The latest novel from Linda Green is a political beast inspired by her own disillusion, she says.
One night during the 2010 general election campaign I bored my husband talking about where the mainstream parties were wrong and how a bunch of mums could make a better job of it.
Desperate for sleep, my husband suggested that instead of attempting a one-woman political coup, I should write a novel about someone else doing it. He got to sleep, I began plotting a fictional revolution.
I wrote a synopsis about three mums who, having led a campaign to save a lollipop lady, are asked if they fancy standing in the general election. It was, of course, a crazy idea. But these women were from Hebden Bridge. And where better to stage a political coup than a hotbed of radicalism and alternative lifestyles? My central characters, Sam, Jackie and Anna were friends who led stressful lives. All they needed was a cause which would resonate with other mums. Something which had the potential to change the face of politics forever.
I began putting together a Mummyfesto, allowing each character to devise policies which they felt passionately about. Some were serious; the Government to fully fund children’s hospices, a dementia care plan, tough anti-bullying measures. Others were not quite so serious; privatising the royal family, The House of Lords replaced by Mumsnet, Chequers turned into a spa and skipping for all.
My characters had a Mummyfesto and I had a novel I desperately wanted to write. Unfortunately my publishers at that time weren’t keen on the idea. If I wanted to pursue it, I was going to have to take the plunge and leave. Fortunately in Quercus, I found a publisher who believed in the idea as much as I did. Probably the most difficult week I had was spent researching a whole host of awful childhood illnesses and diseases to find the one which Sam’s son Oscar had. I can’t hear Coldplay’s Fix You now without remembering some of the heartbreaking videos I watched on You Tube. I settled on Spinal Muscular Atrophy, an inherited neuromuscular condition causing weakness of the muscles. At present there is no known cure. I also spent a lot of time researching children’s hospices and visited the Forget Me Not Children’s Hospice in Huddersfield, which looks after children with life-limiting conditions and their families.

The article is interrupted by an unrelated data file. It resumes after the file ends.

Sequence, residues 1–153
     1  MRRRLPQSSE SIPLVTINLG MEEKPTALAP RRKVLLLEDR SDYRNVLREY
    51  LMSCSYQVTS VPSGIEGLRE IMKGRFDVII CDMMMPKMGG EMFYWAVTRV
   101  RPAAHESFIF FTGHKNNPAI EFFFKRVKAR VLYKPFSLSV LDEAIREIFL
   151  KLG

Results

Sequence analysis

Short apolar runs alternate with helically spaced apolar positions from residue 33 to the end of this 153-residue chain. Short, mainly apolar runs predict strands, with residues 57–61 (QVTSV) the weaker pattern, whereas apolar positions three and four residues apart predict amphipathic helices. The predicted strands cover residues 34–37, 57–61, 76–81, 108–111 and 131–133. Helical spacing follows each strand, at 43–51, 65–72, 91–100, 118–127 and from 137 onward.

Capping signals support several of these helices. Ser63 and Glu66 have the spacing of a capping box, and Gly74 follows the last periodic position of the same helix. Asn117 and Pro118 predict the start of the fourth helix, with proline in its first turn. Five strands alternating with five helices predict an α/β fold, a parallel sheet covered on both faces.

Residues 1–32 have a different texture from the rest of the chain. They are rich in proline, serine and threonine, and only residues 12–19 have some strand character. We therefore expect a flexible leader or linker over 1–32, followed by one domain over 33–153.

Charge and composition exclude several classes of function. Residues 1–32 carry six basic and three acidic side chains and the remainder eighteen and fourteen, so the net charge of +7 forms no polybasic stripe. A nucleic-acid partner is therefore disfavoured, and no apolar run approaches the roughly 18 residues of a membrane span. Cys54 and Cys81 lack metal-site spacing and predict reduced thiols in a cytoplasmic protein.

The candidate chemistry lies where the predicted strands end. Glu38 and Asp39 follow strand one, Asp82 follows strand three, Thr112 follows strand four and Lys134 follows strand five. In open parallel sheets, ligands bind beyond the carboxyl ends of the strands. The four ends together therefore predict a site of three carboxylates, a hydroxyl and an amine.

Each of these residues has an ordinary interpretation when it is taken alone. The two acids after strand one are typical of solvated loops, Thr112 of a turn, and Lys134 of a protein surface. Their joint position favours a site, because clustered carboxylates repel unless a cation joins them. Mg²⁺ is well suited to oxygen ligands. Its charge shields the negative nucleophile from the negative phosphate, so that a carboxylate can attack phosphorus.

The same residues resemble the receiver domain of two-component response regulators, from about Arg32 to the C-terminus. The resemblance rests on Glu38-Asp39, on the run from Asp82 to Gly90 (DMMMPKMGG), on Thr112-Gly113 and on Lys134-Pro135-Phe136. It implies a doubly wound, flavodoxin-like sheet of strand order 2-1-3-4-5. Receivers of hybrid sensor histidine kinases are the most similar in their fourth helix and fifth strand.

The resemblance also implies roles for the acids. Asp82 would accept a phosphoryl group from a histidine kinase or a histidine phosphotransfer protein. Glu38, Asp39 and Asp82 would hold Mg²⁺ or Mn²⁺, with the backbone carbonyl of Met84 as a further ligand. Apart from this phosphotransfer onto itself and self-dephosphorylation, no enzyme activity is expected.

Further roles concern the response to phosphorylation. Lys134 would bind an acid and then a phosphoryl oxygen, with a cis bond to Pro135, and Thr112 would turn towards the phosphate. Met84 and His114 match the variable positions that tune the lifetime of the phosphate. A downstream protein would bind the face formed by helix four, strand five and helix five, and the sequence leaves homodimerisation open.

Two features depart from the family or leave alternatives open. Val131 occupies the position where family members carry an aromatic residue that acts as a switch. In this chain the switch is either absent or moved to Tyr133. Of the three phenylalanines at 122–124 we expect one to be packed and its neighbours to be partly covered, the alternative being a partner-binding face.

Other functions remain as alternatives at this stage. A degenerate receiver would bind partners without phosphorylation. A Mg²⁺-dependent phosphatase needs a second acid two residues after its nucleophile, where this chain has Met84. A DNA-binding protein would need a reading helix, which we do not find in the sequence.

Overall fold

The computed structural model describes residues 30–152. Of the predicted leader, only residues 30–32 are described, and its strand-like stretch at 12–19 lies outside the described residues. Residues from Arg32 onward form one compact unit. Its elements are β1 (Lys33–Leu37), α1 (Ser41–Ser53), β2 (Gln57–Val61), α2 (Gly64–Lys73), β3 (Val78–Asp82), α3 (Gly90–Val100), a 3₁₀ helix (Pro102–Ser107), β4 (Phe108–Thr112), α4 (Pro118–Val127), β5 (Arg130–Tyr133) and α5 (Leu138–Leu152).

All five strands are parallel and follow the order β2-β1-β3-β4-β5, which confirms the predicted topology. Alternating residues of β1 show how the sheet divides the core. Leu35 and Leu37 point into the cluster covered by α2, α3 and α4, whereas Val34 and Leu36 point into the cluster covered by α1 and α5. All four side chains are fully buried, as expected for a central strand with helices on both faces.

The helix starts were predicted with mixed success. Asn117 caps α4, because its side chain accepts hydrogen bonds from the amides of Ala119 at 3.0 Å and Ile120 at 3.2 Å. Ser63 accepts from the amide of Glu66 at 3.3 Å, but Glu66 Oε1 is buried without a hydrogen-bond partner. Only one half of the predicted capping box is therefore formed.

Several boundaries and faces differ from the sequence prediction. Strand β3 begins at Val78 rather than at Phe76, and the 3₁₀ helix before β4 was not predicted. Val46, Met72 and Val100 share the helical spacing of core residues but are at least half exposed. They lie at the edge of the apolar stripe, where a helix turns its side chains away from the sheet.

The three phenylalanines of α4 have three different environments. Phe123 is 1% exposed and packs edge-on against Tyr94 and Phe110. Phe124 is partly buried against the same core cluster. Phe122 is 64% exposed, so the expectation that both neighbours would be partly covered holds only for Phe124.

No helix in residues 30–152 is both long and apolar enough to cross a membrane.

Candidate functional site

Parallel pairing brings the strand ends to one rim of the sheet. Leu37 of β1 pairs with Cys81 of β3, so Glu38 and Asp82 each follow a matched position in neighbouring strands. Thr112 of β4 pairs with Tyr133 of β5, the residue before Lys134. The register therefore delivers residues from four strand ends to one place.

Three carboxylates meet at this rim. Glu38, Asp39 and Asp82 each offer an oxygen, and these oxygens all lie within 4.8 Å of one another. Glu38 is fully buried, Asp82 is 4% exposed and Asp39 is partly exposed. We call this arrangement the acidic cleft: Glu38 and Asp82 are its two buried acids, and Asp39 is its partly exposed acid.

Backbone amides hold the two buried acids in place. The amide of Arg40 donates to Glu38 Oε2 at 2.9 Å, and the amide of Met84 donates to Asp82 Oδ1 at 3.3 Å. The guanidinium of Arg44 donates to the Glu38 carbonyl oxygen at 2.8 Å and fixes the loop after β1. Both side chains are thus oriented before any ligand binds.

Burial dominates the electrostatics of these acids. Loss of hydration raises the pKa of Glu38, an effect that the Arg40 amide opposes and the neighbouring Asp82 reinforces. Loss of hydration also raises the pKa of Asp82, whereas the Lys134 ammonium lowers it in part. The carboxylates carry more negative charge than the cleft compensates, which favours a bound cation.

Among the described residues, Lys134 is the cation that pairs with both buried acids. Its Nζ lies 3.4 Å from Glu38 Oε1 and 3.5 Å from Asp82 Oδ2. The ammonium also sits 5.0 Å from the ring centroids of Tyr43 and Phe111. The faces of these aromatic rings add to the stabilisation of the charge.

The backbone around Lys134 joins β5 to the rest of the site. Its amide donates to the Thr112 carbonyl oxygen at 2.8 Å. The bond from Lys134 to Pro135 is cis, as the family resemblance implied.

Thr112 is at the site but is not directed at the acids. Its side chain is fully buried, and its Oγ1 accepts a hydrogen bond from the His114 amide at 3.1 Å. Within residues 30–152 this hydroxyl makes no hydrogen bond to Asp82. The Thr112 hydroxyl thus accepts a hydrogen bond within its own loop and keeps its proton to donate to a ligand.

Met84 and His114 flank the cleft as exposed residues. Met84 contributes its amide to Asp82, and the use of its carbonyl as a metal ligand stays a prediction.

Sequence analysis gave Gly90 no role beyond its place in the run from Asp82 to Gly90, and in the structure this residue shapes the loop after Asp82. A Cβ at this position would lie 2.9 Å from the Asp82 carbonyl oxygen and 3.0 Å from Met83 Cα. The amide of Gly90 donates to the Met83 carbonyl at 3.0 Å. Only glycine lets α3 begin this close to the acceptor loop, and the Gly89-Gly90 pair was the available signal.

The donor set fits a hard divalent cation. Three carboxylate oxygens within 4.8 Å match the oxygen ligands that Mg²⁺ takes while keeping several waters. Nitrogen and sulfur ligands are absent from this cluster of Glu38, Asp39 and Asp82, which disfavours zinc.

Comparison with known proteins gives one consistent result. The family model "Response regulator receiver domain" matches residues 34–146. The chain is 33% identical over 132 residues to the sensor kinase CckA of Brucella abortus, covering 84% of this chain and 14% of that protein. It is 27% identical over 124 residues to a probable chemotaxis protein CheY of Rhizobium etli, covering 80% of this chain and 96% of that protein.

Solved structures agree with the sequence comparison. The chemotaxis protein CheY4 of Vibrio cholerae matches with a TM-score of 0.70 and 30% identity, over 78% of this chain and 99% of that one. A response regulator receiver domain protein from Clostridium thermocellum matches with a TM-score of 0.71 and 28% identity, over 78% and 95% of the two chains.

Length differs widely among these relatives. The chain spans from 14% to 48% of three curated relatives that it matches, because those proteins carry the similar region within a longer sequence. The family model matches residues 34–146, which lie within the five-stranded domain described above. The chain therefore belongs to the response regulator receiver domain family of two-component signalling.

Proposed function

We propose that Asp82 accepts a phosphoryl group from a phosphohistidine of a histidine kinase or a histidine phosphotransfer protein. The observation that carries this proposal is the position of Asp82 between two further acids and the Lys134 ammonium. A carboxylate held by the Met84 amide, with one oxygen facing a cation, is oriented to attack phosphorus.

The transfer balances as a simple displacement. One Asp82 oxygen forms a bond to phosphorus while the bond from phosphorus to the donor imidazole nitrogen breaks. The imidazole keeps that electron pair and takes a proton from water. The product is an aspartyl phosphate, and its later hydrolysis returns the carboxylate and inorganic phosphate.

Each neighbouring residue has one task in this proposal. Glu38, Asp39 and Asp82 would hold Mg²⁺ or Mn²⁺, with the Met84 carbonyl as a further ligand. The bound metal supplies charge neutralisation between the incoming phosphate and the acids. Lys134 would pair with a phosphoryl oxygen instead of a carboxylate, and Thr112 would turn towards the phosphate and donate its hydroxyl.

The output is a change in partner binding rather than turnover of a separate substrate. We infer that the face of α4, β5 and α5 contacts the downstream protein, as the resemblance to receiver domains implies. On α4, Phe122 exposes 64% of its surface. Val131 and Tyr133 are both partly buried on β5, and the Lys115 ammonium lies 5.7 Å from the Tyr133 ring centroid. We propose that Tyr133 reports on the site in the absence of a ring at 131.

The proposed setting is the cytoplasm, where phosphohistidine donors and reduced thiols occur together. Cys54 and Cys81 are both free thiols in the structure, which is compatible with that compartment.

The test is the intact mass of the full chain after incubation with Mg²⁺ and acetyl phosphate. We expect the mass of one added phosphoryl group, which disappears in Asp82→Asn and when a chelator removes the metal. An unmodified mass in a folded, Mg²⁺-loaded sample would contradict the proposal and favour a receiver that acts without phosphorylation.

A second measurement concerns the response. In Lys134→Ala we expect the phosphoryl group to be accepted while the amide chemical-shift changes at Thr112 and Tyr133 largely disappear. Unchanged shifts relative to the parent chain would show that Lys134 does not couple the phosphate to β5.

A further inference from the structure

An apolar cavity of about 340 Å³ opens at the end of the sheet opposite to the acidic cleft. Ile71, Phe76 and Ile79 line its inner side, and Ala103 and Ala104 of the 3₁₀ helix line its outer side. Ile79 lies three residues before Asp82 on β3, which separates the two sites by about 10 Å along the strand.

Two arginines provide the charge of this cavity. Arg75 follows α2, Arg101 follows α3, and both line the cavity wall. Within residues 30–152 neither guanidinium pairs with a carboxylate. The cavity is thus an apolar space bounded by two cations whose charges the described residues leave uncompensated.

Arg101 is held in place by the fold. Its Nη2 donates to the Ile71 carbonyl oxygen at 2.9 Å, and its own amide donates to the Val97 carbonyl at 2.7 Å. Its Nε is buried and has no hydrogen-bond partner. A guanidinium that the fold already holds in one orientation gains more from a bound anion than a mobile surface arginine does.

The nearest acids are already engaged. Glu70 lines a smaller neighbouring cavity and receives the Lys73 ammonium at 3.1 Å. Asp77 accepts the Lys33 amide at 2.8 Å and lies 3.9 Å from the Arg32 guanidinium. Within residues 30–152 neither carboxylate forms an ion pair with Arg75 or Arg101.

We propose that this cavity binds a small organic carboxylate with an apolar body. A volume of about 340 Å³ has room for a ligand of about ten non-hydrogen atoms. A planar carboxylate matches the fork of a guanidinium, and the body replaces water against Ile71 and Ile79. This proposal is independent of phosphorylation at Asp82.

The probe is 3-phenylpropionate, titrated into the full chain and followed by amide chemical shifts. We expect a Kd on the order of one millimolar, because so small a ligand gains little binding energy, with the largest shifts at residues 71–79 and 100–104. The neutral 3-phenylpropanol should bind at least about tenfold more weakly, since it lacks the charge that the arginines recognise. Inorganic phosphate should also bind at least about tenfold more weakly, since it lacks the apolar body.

Finally I was ready to start writing. And so the Lollipop Party was formed around Sam’s kitchen table at number 10 Fountain Street in Hebden Bridge. And at least I can now say that I was instrumental in starting a revolution – even if it was a fictional one.
Journalist to novelist
Linda Green was an award winning journalist who spent 10 years working in the Midlands before turning to writing novels full time.
She has since written four books, The Mummyfesto is her fifth.
The Mummyfesto is published by Quercus on February 14.
For more details, visit www.linda-green.com